of abstraction: social forms become increasingly less dependent on
materiality--consider for instance the move from barter to money to
credit. Objective being does not exist only in concrete things; whether
or not we are conscious of them, abstract forms have facticity
in practical life. A drop in the stock market has the
same ontological rigor of facticity as a car that runs you over
(Lukács, 1978, p. 40). In such an ontology, objectivity is
not the result of cognitive activity, as it was for Kant and Piaget,
but the product of practical, social activity. [O]bjects are
not merely given or discovered by the subject, but rather are made
objects by the subjects activity.... But they are not constituted
out of nothing, that is, they are not merely projections of the subject.
Rather, the subject works on that which is given to it, as external
to it or other than it (Gould, 1978, p. 41). It might be objected
that Piaget saw the child as actively transforming the world. But
in fact Piaget saw the childs action as merely displacing
objects in the spatio-temporal field, not as constructing objects
or producing artifacts. Action for Piaget is instrumental activity
that manipulates a pre-existing, independent reality, neither creating
nor consuming--knowledge of the world is constructed, but not the
The activity of labor in which objects
are transformed is also a process in which the subject is transformed.
The agent thus recognizes him or herself through this objectification
of his or her capacities and needs.... Furthermore, the agent becomes
different through this objectification in that the circumstances of
his or her agency, that is, the world in which he or she acts, have
been transformed and now present the agent with a different range
of problems and opportunities which give rise to new purposes and
new modes of action (Gould, 1978, p. 42).
Other analyses (e.g. Lacan, Foucault,
Habermas) stress the ontological role of communicative action as well
as labor. As Hanks (1996, p. 237) puts it, the referential process
is one in which subjects, objects, and social relations are simultaneously
produced in the course of even the most mundane utterances.
To speak is not just to represent the world but also to occupy it;
and we do many things through language--we realize
ourselves; effect changes in our worlds; connect with other people;
experience beauty, rage, and tenderness; exercise authority; refuse;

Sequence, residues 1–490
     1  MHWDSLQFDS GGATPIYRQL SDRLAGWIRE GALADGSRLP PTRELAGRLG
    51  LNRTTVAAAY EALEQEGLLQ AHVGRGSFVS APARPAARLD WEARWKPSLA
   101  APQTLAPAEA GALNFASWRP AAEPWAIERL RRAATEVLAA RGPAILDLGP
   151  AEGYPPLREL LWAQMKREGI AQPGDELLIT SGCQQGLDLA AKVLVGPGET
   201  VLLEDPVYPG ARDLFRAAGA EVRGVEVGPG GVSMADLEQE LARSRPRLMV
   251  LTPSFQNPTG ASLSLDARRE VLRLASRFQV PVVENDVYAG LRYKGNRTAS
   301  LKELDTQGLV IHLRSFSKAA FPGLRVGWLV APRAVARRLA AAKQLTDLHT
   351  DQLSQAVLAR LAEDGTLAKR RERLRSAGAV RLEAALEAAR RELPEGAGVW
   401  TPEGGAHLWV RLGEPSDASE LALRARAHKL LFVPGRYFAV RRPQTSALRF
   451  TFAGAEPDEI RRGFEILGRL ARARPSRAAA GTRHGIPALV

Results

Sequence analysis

and pursue our interests (p. 236).
...and Formed in Relationships of Desire
If the previous themes are familiar
to readers of writing on social construction, the next three are probably
less so. The first is that the person is formed not only in practical
activity, but in the human relationships this activity sustains (ONeill,
1996). Hegel sought to demonstrate the radical view that, without
interpersonal interaction and the mutual demand of what he calls recognition,
there is no self and no self-consciousness
(Solomon, 1983, p. 430). The self is not a purely cognitive construction,
let alone the transparent source of action and cognition; it is formed
in desire, conflict and opposition, in a struggle for recognition.
Self-consciousness is not the result of the individual reflecting
on him- or herself, but emerges in the relationship with another.
Dreyfus and Rabinow (1993) point out that Bourdieus notion that
people seek symbolic capital is influenced by Hegels
emphasis on recognition.
As Kojève put it, the man
who attentively contemplates a thing, who wants to see it as it is
without changing anything... forgets himself... [But] when man experiences
a desire... he necessarily becomes aware of himself (1947/1969,
p. 37, original emphasis).3 Desire, especially desire for recognition,
creates a lack, an absence, a hole, in the human subject. And desire
directed towards another person, another greedy emptiness
(p. 40) seeks recognition that gives not just consciousness of self
but self-consciousness. The self is for itself only by being
for another (Williams, 1997, p. 49).
The struggle with a more powerful other offers one form of recognition.
The famous master-slave dialectic is not an exercise in psychology
or sociology but is in brief an ontological theory about the
nature of selfhood in which the whole history of philosophy,
and in particular the Cartesian-Leibnizian vision of the fully formed
individual ego is summarily rejected (Solomon, 1983, p. 428).
The struggle for prestige, to define who is master and who slave,
eventually produces a free and historical individual, conscious
of his individuality, his freedom, his history, and finally, his historicity